Being vulnerable is a scary thing. Little kisses on the forehead are easier given than received. Hugs are better when they’re quick and shallow, like just barely touching the surface of a deep pool. Handshakes and high fives are much more preferred. I wonder when I started trusting her.

We walk together every afternoon. She invites me home and crawls into my lap while we watch movies. We read by the window when it’s cold, her toes wiggling absentmindedly in fuzzy socks. She smells like soil and wet grass. Sometimes, when she’s gone for a few days, I go outside and put my nose to the ground so I can remember what it’s like to be close to her.

She opens like a book. Her eyes are honey-gold. She’s scared of public speaking. Her skin is like warm sunlight. Her parents have been in love since they were little. Her lips part when she’s reading. Her favorite color is violet. Sometimes, when she falls asleep next to me, she’ll wrap an arm around my shoulder and nuzzle her face into my hair.

It rains on Christmas. She kisses me while we dance in the garden.


A boy and a girl run past me, oblivious to everything but the rain and each other. I dip my head as the clouds  thunder happily. A dog barks in front of me. Raindrops tap against the crown of my head. A seagull cries out, swooping, diving, lonely. A woman runs across the path, a newspaper clenched comically above her head. Her face is scrunched tight, furious with the interruption of the weather. Her shoes are black and shiny. Water runs off them in rivers.

I walk slower as the thick canopy of tree branches thins out. Drops come quicker. At a bench, an old couple hunch together, smiling warmly. The man’s shoes are curled up under the bottom of the bench. The woman’s shoes linger just above the ground, the toes painting ghost circles into the dirt. They don’t look up as I walk past them. Rain drips from their hats to their shoulders, seeps through the cloth and into their skin. The woman closes her eyes.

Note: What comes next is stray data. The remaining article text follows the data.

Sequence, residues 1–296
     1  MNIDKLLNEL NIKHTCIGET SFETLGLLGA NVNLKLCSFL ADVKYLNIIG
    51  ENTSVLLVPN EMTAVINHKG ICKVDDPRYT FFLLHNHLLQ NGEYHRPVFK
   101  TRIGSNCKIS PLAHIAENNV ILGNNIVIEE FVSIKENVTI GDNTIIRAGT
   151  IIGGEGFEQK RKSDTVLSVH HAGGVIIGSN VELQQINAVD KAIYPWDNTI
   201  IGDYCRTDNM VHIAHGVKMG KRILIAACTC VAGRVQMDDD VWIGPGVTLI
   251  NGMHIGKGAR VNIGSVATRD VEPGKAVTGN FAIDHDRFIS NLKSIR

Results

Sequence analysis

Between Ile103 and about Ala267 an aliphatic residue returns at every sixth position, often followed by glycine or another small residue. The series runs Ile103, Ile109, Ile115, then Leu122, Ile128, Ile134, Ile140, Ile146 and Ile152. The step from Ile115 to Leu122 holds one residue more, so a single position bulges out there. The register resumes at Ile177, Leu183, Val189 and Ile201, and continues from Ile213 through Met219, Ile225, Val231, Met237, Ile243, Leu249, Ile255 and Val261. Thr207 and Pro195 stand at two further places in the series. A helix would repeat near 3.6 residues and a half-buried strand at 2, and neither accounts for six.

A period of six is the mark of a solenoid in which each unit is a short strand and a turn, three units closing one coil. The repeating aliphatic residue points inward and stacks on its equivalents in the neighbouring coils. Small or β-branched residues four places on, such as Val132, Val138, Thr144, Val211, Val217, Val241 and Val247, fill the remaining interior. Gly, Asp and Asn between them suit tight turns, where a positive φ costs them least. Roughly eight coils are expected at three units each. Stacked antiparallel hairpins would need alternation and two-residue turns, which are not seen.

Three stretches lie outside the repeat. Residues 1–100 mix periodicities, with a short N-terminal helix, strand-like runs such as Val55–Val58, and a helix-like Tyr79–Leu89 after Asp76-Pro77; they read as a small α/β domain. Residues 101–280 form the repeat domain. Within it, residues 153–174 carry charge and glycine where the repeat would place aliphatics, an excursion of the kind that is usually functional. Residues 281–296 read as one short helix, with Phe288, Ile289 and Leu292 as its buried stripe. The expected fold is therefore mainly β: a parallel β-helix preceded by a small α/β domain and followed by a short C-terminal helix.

Summer goes by fast. 

We tangle ourselves in heat and water and beaches. Leather seats and towels and bikinis. We lay on our backs and read poetry. Grass clings to her stomach, her toes, the back of her legs. I make her a daisy crown and she lets it rest on her head until the petals turn brown. She dyes my hair and kisses me through the choking smell of bleach. I watch her lazily as she stoops to take care of her plants. She falls asleep faster when it’s warm. Her head rises and falls against my stomach.

I’m in love with her.

I’m terrified of losing her. 

I imagine a life with her. We’d name our daughters Violet and Pearl. We’d have three dogs. A garden out in the backyard. Only one story because she hates climbing stairs. A reading nook by a window. A library. Would she die before me? I go over and over it in my head. I imagine it, I dream about it. I’m terrified of the pain of losing her. I’m in love with her, and isn’t that as good a reason as any to forget her?

She leaves in August.


A woman sits beside the old couple, a little ways away, as if separating herself from their warmth. She looks up at the dark blue-grey sky. Her feet sway like a child’s, the bottom of her knees bouncing against the dark wood of the bench. Her eyes squint against the raindrops. She stands suddenly and holds her hands out, cupped, as if collecting the rain through her own skin. The old couple watches her, smiling a familiar, loving smile. She laughs.

She laughs.

In my head, she laughs again and again. She’s sitting beside me. Her toes are in my lap. Her head is in my hands. Her hair is tangled between my fingers. Her lips are on mine. Rain against her warm skin. Sunlight in her honey eyes.

She turns and sees me. Her smile falters, drops. Her arms drop. She stares. My arms are still hugging each other around my body.

She takes a step towards me and I’m suddenly surrounded by that familiar fear. That fear I’d learned to love. Can you love someone so much? So much so you’re scared of living without them only to find you’re not living at all? Can you love someone enough to leave them?

She lets a smile grow slowly across her face. Rain taps her head, her hair, her skin, drips down to form shivering creeks in the creases of her smile. She twirls, the drops floating off her fingertips in arcs of tiny diamonds.

August 14, 2020 21:04